Fiscal Note: Available.

Committee/Commission/Task Force Created: No.

Effective Date: Ninety days after adjournment of session in which bill is passed.

Staff Summary of Public Testimony on Original Bill (Higher Education): PRO: We have made higher education unaffordable for our own students by our own actions. It is not doable to put yourself through college with a job. The state average wage is reliable. If we set tuition at a percentage of it, we can ensure tuition is affordable. Cost is a Ways & Means issue. This is a real step forward to getting a handle on student debt. This prioritizes the need for higher education in the state budget. The best form of financial aid is low tuition. During the recession many states shifted toward high tuition. Washington can be the first state to shift back to low tuition. This is the next logical step after freezing tuition.

OTHER: A dollar in appropriation is absolutely preferable to dollar in tuition. However, actual realization of sufficient funds to meet new demands in this biennium and future biennia is our concern. We would rather use SNG savings toward unserved students than making institutions whole. The community and technical colleges can’t control enrollments because of the economy. The bill makes a clear and deliberate connection between tuition and state support. But where will the money come from? Washington continues to rank 49th in higher education funding. The bill does not increase investment in higher education, but it does shift the balance of funding from tuition to the state. Unforeseen budget circumstances could lead to a suspension in the budget. To maintain current cash value of GET accounts, we are discussing options with the State Actuary. The funded status of the program might go up. Three funding elements of higher education – financial aid, state support, and tuition – need to be carefully balanced and integrated to make a comprehensive and holistic approach.

Persons Testifying (Higher Education): PRO: Senators Braun and Bailey, prime sponsors; Jim Huckabay, Faculty Legislative Representative, Central WA University; Austin Wright-Pettibone, Associated Students of the University of WA, Government Relations Director; Jordan Martin, Associated Students of Eastern WA University.

OTHER: Julie Garver, The Evergreen State College; Marc Webster, WA Student Achievement Council, Senior Fiscal Policy Advisor; Paul Bell, Office of Student Legislative Affairs, State Legislative Liaison; Marty Brown, WA State Board for Community and Technical Colleges; Becca Kenna-Schenk, Western WA University; Tom Fitzsimmons, Independent Colleges of WA; Chris Mulick, WA State University; Genesee Adkins, University of WA; David Buri, Eastern WA University; Steve DuPont, Central WA University.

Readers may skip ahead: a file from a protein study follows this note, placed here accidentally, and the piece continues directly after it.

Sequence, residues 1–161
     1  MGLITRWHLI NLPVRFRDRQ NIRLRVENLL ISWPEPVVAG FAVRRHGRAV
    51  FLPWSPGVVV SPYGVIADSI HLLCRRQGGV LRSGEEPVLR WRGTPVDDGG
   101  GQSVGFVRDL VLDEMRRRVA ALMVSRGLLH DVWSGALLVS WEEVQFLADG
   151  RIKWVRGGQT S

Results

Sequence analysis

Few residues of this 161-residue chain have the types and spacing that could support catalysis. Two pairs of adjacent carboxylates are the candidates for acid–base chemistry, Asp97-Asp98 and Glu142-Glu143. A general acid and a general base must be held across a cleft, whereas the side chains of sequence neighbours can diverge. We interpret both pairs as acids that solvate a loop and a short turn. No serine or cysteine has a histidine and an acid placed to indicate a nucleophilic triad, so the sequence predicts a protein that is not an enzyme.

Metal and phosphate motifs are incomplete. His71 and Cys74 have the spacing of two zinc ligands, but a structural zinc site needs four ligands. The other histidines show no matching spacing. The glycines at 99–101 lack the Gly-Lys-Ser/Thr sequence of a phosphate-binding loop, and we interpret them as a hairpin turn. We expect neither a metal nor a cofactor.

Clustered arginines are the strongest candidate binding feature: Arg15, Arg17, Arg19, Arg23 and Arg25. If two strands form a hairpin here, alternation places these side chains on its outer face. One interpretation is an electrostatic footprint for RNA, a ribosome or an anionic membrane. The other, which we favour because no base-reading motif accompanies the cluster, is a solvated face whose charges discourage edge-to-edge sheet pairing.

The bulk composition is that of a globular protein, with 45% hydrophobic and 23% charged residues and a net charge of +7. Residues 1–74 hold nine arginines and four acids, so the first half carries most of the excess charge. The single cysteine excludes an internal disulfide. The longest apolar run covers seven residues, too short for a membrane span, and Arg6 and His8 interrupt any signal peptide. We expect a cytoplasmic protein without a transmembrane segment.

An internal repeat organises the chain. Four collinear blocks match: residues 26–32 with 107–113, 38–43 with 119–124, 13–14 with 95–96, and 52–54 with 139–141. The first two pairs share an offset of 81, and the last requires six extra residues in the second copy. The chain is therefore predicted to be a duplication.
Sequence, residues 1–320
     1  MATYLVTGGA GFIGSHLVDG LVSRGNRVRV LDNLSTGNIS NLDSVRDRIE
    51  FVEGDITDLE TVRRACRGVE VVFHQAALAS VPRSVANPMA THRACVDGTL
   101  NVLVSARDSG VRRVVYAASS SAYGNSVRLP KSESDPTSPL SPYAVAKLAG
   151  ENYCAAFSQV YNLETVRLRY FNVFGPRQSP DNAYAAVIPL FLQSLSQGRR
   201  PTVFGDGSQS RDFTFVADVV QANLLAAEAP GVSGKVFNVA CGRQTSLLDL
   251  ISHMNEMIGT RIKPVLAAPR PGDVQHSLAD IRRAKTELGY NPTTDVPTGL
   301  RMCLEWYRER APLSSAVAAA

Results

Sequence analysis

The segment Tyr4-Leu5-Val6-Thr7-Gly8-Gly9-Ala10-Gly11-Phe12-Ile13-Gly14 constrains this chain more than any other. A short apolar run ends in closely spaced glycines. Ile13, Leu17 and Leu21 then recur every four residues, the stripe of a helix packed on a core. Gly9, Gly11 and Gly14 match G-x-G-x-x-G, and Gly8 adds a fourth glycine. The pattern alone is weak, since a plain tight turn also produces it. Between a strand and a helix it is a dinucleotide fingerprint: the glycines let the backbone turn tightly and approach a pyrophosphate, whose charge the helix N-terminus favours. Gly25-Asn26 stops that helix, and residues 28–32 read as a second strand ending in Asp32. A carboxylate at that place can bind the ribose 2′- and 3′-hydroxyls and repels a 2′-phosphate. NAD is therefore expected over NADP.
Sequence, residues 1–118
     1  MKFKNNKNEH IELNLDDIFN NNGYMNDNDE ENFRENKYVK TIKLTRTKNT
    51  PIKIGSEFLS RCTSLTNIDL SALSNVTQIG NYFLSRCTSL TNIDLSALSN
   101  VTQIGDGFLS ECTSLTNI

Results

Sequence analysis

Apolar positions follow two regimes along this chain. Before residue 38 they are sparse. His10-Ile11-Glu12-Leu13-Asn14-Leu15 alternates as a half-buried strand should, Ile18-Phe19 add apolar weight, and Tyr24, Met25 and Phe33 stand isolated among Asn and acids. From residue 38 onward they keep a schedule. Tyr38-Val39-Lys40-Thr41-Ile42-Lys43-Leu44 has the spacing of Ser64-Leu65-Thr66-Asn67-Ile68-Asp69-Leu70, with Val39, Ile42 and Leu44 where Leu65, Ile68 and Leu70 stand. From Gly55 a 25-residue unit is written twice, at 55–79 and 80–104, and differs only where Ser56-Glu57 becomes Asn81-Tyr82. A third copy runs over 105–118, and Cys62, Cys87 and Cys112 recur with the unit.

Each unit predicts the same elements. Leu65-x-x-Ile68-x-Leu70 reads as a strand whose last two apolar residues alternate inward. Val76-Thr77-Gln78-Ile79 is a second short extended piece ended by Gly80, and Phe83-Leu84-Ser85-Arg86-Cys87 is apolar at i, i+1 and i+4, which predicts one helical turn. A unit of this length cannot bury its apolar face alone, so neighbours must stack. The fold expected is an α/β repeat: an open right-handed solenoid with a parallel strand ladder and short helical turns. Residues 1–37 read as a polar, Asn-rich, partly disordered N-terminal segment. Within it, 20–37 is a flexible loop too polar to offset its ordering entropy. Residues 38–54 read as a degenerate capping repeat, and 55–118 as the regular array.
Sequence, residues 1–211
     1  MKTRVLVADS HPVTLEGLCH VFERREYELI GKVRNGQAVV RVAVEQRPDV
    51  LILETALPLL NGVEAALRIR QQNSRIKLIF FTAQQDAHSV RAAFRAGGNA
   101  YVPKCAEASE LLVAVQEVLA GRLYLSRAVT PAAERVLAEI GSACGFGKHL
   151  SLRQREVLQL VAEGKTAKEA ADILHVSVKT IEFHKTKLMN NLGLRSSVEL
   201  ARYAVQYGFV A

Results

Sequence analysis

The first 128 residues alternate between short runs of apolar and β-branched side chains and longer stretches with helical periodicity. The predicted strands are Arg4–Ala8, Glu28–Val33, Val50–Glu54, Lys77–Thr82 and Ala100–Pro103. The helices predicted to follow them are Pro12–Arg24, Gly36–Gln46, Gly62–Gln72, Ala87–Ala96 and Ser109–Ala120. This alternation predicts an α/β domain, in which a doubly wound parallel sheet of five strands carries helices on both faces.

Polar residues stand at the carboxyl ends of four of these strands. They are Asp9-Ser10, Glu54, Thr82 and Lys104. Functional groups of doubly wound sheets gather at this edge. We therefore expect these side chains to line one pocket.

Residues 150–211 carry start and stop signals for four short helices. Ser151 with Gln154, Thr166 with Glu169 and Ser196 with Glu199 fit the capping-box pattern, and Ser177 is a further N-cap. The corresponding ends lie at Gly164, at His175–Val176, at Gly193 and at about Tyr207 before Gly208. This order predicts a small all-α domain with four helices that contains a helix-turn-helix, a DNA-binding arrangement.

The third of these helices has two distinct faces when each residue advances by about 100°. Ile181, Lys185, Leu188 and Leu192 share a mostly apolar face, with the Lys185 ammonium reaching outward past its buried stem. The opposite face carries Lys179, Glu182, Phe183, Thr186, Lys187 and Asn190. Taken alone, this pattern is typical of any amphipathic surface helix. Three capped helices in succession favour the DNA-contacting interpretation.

Persons Signed in to Testify But Not Testifying (Higher Education): No one.

Staff Summary of Public Testimony on Original Bill (Ways & Means): PRO: Students face an increasing financial burden from college tuition. Students have to work harder and longer to afford college. Students are appreciative of this bill.

OTHER: The bill must be done in alignment with the budget otherwise this will cost our institutions. We have concerns about the enrollment levels at our community and technical colleges. Our enrollment is tied to the economy and we take almost all comers. We would like to see the savings from the State Need Grant program put back into the program to cover more students. We appreciate the increased state support and a concrete proposal that rebalances state support and tuition. We want to make certain that the bill's costs are funded.

Persons Testifying (Ways & Means): PRO: Hayley Hohman, Associated Students of WA State University.

OTHER: Marty Brown, State Board for Community and Technical Colleges; Marc Webster, WA Student Achievement Council; Cody Eccles, Council of Presidents.

Persons Signed in to Testify But Not Testifying (Ways & Means): No one.